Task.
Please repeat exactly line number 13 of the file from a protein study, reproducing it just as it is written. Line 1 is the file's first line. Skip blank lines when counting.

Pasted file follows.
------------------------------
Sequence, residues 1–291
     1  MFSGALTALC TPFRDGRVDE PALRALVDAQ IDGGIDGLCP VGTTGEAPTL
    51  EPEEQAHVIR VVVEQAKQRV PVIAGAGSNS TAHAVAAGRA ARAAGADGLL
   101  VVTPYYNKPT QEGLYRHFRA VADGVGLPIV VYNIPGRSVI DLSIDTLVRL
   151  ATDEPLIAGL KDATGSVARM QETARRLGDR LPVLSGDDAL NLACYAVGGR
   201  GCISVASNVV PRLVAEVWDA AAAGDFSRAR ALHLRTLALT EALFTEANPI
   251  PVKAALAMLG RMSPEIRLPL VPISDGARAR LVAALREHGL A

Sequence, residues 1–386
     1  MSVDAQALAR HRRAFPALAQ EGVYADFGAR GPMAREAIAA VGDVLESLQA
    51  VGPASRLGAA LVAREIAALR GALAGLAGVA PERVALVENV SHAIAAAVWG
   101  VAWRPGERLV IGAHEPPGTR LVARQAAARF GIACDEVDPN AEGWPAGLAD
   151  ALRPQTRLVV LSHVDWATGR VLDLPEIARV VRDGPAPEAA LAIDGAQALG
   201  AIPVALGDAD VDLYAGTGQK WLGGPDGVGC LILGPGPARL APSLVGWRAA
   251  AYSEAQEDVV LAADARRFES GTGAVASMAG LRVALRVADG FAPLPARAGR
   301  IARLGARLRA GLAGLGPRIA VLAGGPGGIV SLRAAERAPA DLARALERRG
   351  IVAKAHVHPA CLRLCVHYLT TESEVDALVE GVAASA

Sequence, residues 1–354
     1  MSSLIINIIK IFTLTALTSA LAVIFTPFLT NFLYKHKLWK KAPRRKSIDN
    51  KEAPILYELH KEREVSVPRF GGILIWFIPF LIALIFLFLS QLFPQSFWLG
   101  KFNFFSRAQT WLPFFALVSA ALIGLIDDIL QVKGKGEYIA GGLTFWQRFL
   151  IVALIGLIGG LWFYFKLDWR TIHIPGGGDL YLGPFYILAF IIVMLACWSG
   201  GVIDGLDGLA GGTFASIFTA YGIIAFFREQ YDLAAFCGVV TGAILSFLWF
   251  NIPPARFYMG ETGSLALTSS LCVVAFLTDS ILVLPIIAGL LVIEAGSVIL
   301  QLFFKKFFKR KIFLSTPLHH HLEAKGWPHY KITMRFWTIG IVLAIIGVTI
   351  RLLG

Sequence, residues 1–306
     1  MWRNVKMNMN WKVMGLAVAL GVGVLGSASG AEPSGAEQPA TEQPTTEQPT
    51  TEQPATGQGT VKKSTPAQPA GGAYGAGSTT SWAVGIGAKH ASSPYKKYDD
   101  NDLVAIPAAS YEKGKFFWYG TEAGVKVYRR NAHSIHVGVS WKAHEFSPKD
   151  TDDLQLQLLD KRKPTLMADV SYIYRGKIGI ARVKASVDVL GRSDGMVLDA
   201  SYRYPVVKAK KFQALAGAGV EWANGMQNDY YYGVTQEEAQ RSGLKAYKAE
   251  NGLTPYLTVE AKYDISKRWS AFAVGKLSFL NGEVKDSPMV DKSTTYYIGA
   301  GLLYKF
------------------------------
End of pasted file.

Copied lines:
   201  AIPVALGDAD VDLYAGTGQK WLGGPDGVGC LILGPGPARL APSLVGWRAA